Prescription Digital Therapeutics in Behavior-Driven Conditions - Episode 7

Prescription Digital Therapeutics: Unmet Needs

January 6, 2021

Healthcare providers comment on what clinicians would like to see, in terms of data and education, that would help justify the prescribing of digital therapeutics for behavior-driven conditions.

Megan Coder, PharmD, MBA: Dr Moukaddam, regarding the provider side, what is your experience, and what you would want to see in an experience with patients? Given that we are talking about products that are used in the context of care with the clinician, I’d be interested to find out what you would like to have as a part of that engagement with your patients and this product?

Nidal Moukaddam, MD, PhD: I would want something that provides me with objective data that are scalable. I would like to be able to try it out and use it to know that it’s beneficial and the scalability comes in when I say as a specialist, “This is great, but I can give it to everybody who’s a PCP [primary care physician] and everybody who is doing this on a larger scale.” That is important. The main issues in mental health, insomnia, and addiction are that what we’re going for is not measured very well. Psychiatry still follows a categorical approach. If I say you’re depressed, it might mean you look sad, but technically what it means is that you meet the criteria for a certain number of symptoms in a duration.

Digital therapeutics do not give you that. Digital therapeutics give you a wealth of information about how much you move, sleep duration, and sleep quality. Instead, digital therapeutics give information on how many times you’ve turned your phone on or off. This is the kind of thing I can use to track your activity and your sleep cycle. What we do in our research is we use privacy preserving methods. Even so, I don’t know who you talked to, but I can still draw a social map. Therefore, I can see how this helps predict the relapse when you start calling random people and I notice this is not your usual pattern.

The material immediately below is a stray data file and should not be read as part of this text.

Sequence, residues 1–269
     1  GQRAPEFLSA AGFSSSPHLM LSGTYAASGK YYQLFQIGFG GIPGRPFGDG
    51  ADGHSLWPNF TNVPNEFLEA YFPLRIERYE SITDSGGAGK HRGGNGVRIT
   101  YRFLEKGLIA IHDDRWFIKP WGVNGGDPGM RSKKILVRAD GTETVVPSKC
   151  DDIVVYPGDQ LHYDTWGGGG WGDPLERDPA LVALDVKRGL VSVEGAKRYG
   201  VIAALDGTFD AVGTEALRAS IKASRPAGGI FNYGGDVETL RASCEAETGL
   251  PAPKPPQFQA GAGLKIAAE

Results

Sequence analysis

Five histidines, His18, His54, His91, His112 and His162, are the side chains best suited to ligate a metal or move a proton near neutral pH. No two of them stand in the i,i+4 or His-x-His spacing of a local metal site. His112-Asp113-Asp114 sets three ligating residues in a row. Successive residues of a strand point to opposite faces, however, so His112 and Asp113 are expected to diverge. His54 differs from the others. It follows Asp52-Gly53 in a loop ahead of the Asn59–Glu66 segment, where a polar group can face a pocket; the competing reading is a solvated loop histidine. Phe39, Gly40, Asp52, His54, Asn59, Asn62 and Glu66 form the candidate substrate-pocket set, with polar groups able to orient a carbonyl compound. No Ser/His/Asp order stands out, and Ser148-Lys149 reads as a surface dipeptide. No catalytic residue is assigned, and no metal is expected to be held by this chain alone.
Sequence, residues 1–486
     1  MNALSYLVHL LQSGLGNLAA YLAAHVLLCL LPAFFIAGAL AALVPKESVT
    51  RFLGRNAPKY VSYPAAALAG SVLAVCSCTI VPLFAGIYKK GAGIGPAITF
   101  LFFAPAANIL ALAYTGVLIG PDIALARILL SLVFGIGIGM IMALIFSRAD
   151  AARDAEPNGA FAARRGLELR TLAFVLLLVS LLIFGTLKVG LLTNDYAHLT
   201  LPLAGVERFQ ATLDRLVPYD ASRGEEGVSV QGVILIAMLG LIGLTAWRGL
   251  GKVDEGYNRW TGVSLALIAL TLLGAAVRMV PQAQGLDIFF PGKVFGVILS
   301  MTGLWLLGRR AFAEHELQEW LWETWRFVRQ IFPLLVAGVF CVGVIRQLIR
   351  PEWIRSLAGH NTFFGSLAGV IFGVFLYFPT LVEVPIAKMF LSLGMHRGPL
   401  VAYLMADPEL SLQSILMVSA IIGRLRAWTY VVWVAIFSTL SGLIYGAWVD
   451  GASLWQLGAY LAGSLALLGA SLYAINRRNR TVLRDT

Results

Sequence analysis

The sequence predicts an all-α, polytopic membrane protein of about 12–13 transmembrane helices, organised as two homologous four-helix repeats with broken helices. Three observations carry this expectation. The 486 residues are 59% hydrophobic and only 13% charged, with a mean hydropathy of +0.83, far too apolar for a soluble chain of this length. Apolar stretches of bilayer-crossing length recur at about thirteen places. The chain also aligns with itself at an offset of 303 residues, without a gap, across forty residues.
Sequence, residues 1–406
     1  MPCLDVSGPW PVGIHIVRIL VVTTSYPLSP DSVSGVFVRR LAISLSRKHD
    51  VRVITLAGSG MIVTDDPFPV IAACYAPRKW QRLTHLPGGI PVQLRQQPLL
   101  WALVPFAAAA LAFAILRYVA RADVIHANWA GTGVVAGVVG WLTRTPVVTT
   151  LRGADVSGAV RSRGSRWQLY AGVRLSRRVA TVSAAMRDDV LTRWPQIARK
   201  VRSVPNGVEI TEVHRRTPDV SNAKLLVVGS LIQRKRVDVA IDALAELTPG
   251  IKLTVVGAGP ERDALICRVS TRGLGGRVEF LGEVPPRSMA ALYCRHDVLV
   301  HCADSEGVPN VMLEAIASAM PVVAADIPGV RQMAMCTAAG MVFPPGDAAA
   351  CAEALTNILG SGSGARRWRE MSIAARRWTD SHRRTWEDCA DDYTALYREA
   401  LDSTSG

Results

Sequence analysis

The field of digital therapeutics should give me something objective that would be useful. To achieve that, I’m going to stick to the example of apps and wearables because this is what most people are used to. Let’s assume your phone, just like your wristband that measures your activity. These devices are all things that are very intimately paired with your lifestyle. This device can give you 2 inlets. It can ask you how you’re feeling, which is called ecological momentary assessment. Additionally, it can ask you if you cough in your sleep, what you’ve eaten, if you’ve had a problem physically or a symptom. Or it doesn’t have to ask you anything, and it just detects your patterns. That pattern detection is a prolific and powerful tool, which is what we need as clinicians. We need that analysis to bridge the gap of what we think of as symptoms. Am I making sense?